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I currently don't have any questions to ask. However, yesterday I asked a question that received mostly negative attention but attracted one answer that was not upvoted. Here is a link:

Modern use of "I should think" vs. "I would think" in speech

I decided to delete it, based on having half-read this: https://meta.stackoverflow.com/questions/311810/can-self-censoring-end-up-with-a-question-ban#311812

After deleting it I read the rest of the post saying that deleting a question after someone posts an answer can lead to a stiff penalty. Is there a way I can tell if I'm penalized without asking a question?

  • link to deleted question (for those who can view it)? – Mitch Dec 15 '15 at 16:50
  • @Mitch added it. – Matt Samuel Dec 15 '15 at 16:52
  • Thanks for the link. I don't have an answer for the meta question about penalties. It does seem like a duplicate though. But if you really were asking about frequency of usage, then you did not make that apparent. If you had it might have been a question worth keeping. – Mitch Dec 15 '15 at 16:57
  • @Mitch I asked it because it surprised me that I used it myself without going out of my way, even though say Tom Lehrer's use of a similar construction sounds strange to me. My speech has some unusual features on occasion (for example I sometimes use uncommon words to be precise), but it's mostly standard American English as far as I can tell, so I was wondering if perhaps other people do this. – Matt Samuel Dec 15 '15 at 17:04
  • I should think so. – Mitch Dec 15 '15 at 17:09
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I don't believe that this information is available to users until they try to post a question. Moderators can find out if a user on their site has triggered the ban.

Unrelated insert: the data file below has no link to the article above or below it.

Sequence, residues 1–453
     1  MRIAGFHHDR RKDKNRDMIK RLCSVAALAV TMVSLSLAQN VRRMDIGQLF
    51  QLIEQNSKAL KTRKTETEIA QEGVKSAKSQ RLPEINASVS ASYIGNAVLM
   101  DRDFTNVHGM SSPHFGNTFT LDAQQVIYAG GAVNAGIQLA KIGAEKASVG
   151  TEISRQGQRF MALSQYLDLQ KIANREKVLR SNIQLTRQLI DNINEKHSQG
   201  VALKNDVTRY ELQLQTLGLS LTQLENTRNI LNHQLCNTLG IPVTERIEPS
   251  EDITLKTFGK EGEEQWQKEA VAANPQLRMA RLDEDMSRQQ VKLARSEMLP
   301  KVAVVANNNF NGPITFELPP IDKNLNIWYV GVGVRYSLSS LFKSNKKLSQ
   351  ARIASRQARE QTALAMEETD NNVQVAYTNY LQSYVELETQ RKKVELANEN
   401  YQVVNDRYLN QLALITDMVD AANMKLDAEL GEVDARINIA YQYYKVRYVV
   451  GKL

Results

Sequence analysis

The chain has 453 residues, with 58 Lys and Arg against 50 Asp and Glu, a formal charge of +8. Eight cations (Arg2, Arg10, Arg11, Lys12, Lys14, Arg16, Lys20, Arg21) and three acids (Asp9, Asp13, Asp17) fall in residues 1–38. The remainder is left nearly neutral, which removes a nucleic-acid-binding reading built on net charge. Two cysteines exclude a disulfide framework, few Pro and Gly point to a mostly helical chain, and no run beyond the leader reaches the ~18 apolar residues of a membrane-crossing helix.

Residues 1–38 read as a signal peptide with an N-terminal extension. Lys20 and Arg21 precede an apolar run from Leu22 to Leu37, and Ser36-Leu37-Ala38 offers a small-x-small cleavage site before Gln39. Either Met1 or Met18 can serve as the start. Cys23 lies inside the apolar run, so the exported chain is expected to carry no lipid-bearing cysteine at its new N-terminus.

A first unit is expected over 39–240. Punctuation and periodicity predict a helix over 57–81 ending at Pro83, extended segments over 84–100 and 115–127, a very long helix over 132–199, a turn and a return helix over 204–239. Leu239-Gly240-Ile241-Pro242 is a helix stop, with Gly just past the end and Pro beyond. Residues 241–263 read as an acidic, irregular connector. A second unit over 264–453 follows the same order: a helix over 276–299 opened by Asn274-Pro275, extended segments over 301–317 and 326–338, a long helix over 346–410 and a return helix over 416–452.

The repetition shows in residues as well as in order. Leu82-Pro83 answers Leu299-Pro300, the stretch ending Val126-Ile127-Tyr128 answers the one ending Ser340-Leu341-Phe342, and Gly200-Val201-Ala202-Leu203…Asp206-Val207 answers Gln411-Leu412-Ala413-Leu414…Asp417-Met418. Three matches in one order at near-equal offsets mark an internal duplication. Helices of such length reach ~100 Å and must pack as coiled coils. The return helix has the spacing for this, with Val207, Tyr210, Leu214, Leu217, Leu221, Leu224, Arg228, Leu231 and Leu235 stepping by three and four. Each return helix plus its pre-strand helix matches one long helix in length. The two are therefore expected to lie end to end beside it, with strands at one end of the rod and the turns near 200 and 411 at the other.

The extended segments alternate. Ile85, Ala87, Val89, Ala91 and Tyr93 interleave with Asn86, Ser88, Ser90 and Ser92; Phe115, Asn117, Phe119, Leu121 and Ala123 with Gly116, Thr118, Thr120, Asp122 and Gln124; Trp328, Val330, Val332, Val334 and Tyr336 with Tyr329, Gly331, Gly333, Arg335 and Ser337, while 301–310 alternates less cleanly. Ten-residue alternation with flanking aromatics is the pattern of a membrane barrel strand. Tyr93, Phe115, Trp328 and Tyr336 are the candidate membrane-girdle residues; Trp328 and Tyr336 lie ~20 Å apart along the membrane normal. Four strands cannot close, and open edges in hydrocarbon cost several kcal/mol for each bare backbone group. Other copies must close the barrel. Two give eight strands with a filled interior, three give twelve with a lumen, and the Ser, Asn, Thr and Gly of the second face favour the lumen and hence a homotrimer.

I wouldn't worry about deleting one question with an answer. The temporary ban is to prevent "help vampire" behavior, where a user posts a question, gets an answer, then deletes the question and posts another one, repeating the cycle in an attempt to avoid downvotes.

The reason that behavior is problematic is that questions and answers are intended to persist in order to help future visitors. Users who post off-topic or poorly worded questions rapidly and then delete them as soon as they have an answer are adding more work for the rest of the community without providing any benefit.

That said, you do not appear to have triggered the ban. I would also like to encourage you to consider un-deleting your question. There is nothing wrong with posting a duplicate question. It means someone else thought of it already and it was a good question!

Also it doesn't appear that your question was actually closed as a duplicate, which means there is still plenty of opportunity for good answers to appear. EL&U takes longer than SO to respond, so give it some time.

Just some food for thought. You can leave it deleted if you prefer.

  • Sure, I'll undelete it. I'm used to math SE where the question is either answered immediately or never (an overstatement, but somewhat close to the truth). Thanks. – Matt Samuel Dec 16 '15 at 2:21

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